It is only right and fitting that I should start my pages on towns with the one from which the ' Park ' takes its name and where the Headquarters for the National Park Authority is situated: Brecon.
First evidence of occupiers of the area in which Brecon developed from can be traced back to the Iron Age, and despite a Roman encampment being situated to the north of Brecon it was the Norman after 1066 who saw the potential of the area during his push west into Wales.His building of a church and castle above the confluence of the rivers Usk and Honddu ensured that the occupiers, should they survive, had the chance to develop the area further as time progressed.
Indeed by the time the fourteenth century began the population had expanded beyond the castle walls on the west bank to the east bank of the river Honddu.
With the passing of years into history such had been the expansion of the population within the confines of the walled town that by Tudor times there were more souls living outside its walls than were actually living within it. As the period came to an end present day street names such as Glamorgan Str, High Street Superior, High Street Inferior had already appeared.
Whilst the town was not highly involved in the English civil war, in 1645 King Charles himself accompanied by the brigades of Sir Marmaduke Langdale and Sir William Vaughan, the horse regiment of Colonel Charles Gerard, and the foot regiment of Life Guards of Sir Thomas Glenham arrived in the town after the disastrous encounter with the Parliamentarian forces outside Cardiff in South Wales. Charles himself spent the night in the Priory before he and his army left the next morning and headed north east for York.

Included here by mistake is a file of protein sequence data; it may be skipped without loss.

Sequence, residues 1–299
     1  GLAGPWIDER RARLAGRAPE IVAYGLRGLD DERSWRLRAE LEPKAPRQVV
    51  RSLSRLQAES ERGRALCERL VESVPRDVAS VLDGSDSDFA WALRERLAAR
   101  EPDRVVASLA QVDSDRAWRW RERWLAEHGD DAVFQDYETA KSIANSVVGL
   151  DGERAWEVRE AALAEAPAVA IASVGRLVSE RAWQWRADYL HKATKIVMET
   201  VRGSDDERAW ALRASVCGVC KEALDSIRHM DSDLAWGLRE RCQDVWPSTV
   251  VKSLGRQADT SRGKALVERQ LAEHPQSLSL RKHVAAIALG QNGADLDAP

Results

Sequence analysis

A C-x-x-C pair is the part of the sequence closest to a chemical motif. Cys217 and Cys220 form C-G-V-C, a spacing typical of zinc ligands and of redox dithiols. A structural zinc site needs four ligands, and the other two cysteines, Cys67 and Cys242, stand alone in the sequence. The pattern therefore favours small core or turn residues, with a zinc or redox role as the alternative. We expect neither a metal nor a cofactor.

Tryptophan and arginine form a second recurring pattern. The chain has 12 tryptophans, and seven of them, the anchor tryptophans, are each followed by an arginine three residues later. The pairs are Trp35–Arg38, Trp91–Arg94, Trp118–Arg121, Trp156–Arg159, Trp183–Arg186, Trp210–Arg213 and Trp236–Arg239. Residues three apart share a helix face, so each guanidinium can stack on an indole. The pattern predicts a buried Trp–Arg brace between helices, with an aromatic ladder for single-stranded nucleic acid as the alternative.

But enough of the military history of Brecon for I have covered it in another section.
In 1974 boundary changes meant that Wales lost most of its thirteen shire counties and Breconshire became amalgamated with Radnorshire and Montgomeryshire to become the new county of Powys., so therefore with industrial enterprises already established the town became the main commercial centre for the southern part. of the new county. However its remained as it does today a Mid Wales market town, Despite a bypass having been built around the town and the cattle market having moved to a new complex on the west side there is still a 'buzz' on a friday, the traditonal market day, and it remains for many farmers wives their shopping day.
Despite the fact that Brecon still contains many narrow streets and passageways lined with Georgian and Jacobean shop fronts where a visitor can wonder at will, the town is changing and is facing the challenge of the rwenty-first century, New super markets have appeared and the town centre has changed dramatically but there still remains a sense of timelessness about the place, a sort of link between the past and present. A link that I for one hope will somehow remain, for Brecon has its roots firmly anchored in the past and should be respected for such for there are very few towns left in Wales who have such.